One little market crash, and the scavengers are circling. But sellers won't let them get something for nothing.
As the media do their victory lap around the twitching corpse of the bull market, beleaguered real-estate brokers are facing down scavengers fixated on the art of the steal. "Expectations are different from reality right now," says Barbara Fox, president of the Fox Residential Group.
David Goldsmith, a broker at DG Neary Realty, just had it happen: "The asking price is a million two," he says of a place he's selling on West End Avenue. "This guy had friends look at it -- he's an investment banker in California who's coming back to New York. He sees these articles in the paper and throws us out this offer of $900,000. We tell him to drop dead. So after marching around, seeing a whole bunch of places, he threw us out another low offer, somewhere below a million." Goldsmith once again suggested that he, ah, adjust his thinking. Eventually, he offered $1.15 million, and they went to contract.
Buyers "only want to hear about reductions," says Douglas Elliman's Linda Stein. Ruth Goldsmith (no relation to David), president of J.D. Ross Realty, sees it daily. "They say, We want a two-bedroom, we don't want to spend more than $350,000. . . . I sent a woman to one place, and she says, 'I don't want to pay more maintenance,' and I say, 'Well, you want a bigger apartment? You'll have to get a bigger maintenance.' They have to get real. I laugh."
Fox, who recalls when the 1975 bankruptcy slump meant "apartments that now sell for $5 million were $250,000," says that any change in prices will take time: There's "a definite lag behind the stock market." But it doesn't stop buyers from trying to negotiate. One broker says that some are trying to reduce their offers after signing contracts ("I had a wife who'd signed and the husband refused until it went down $100,000"). The result? "You have a lot of fights." And meanwhile, the real bottom-feeders -- the salarymen who were left out of the jackpot culture altogether -- are holding off until the market really does tank.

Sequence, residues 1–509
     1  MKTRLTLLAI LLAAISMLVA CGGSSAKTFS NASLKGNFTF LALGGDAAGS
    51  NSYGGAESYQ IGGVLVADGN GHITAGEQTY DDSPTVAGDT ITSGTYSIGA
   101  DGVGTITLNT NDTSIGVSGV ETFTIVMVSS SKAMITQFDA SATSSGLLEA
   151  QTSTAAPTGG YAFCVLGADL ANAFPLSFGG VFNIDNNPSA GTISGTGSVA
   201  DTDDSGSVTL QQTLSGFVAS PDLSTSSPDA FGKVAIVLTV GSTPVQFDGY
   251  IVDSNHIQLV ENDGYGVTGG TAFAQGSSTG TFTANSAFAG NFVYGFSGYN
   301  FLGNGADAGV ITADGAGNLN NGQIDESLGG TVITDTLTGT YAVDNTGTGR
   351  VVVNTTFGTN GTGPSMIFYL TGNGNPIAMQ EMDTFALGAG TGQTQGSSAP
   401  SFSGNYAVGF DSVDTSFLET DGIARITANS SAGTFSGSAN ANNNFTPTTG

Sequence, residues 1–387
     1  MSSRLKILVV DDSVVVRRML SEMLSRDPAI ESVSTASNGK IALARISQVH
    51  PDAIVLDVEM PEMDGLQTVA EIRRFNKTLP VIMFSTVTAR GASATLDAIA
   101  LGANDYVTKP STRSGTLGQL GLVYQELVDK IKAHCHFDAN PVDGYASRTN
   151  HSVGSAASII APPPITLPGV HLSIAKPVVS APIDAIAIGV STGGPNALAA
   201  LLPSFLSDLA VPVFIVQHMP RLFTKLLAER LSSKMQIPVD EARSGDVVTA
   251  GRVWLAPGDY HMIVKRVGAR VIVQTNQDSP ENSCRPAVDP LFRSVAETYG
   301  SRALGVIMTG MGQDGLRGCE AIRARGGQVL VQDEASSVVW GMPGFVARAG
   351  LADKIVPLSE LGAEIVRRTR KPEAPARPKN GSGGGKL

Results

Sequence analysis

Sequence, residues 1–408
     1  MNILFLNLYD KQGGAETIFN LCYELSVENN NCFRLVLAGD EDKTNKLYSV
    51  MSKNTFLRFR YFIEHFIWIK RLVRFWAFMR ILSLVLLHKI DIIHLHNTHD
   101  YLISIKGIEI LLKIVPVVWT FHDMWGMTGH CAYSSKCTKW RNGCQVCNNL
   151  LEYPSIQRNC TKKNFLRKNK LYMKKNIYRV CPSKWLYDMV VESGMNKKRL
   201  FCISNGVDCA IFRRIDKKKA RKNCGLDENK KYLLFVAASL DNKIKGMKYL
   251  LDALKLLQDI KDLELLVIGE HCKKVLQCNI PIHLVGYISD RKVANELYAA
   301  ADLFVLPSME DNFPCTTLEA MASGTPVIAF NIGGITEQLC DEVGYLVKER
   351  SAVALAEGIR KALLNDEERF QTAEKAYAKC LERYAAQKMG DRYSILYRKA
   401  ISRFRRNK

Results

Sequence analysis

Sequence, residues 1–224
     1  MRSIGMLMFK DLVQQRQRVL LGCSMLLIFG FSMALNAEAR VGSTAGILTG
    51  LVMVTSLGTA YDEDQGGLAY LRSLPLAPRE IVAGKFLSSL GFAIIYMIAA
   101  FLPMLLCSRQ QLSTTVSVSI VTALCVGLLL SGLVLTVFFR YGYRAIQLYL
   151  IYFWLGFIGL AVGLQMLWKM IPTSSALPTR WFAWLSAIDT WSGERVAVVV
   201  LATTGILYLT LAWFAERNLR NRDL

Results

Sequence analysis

Out of the Kitchen
Deals in the Oven
Some things are still cookin' in real estate. TV chef Emeril Lagasse wanted an apartment, and -- bam! -- he got one, even though its owner had planned on moving in just two days later. Douglas Elliman's Michael Shvo had just sold a 1,600-square-foot, southern-view two-bedroom in the Bridge Tower to a J.P. Morgan guy for about $1 million. But Shvo also represented Lagasse, whose appearances on the Food Network and new gig with NBC required that he spend more time here. Emeril convinced the Wall Streeter to change his plans and rent it to him for $8,000 a month (he "wouldn't have rented to anyone but Emeril," says a source). Meanwhile, across town, the estate of flamboyant restaurateur Warner LeRoy was trying out brokers to sell the 8,000-square-foot duplex he'd assembled on the 59th and 60th floors of 3 Lincoln Center for about $25 million, ice sculptures not included.
435 East 52nd Street
4-bed, 4-bath, 5,000-square-foot co-op. Ask: $10 million. Sell: $8.475 million. Maintenance: $6,900. Five months on market.
After making it past a co-op board that rejected Gloria Vanderbilt and Richard Nixon (but accepted Henry Kissinger), the newest residents of the elegant River House have set to work on recombining two apartments into their original fourteen-room sprawl. Now that they're in, they never have to leave: The building's equally exclusive River Club downstairs features a swimming pool, tennis courts, and a ballroom, though its yacht mooring out back was replaced by the FDR Drive. The buyer's brokers, Douglas Elliman's Drew Glick and Richard Ferrari, nervously declined to comment.
37 Greene Street
2-bed, 2-bath, 3,100-square-foot condo. Ask: $1.45 million. Sell: $1.81 million. Charges and taxes: $524. One year on market.
"Not too many people will pay $1.8 million for a five-floor walk-up," says broker Susan Penzner of her vigorous buyers, an actress and attorney who have moved into their loft even though the building's new elevator doesn't work yet. The couple had already waited nearly a year for the sale to close, as the former doll factory made the bumpy transition from a friendly limited-liability partnership between a group of artists to a condo. In a sign that the artists haven't totally abandoned SoHo, a well-known photographer bought the floor below for $1.775 million.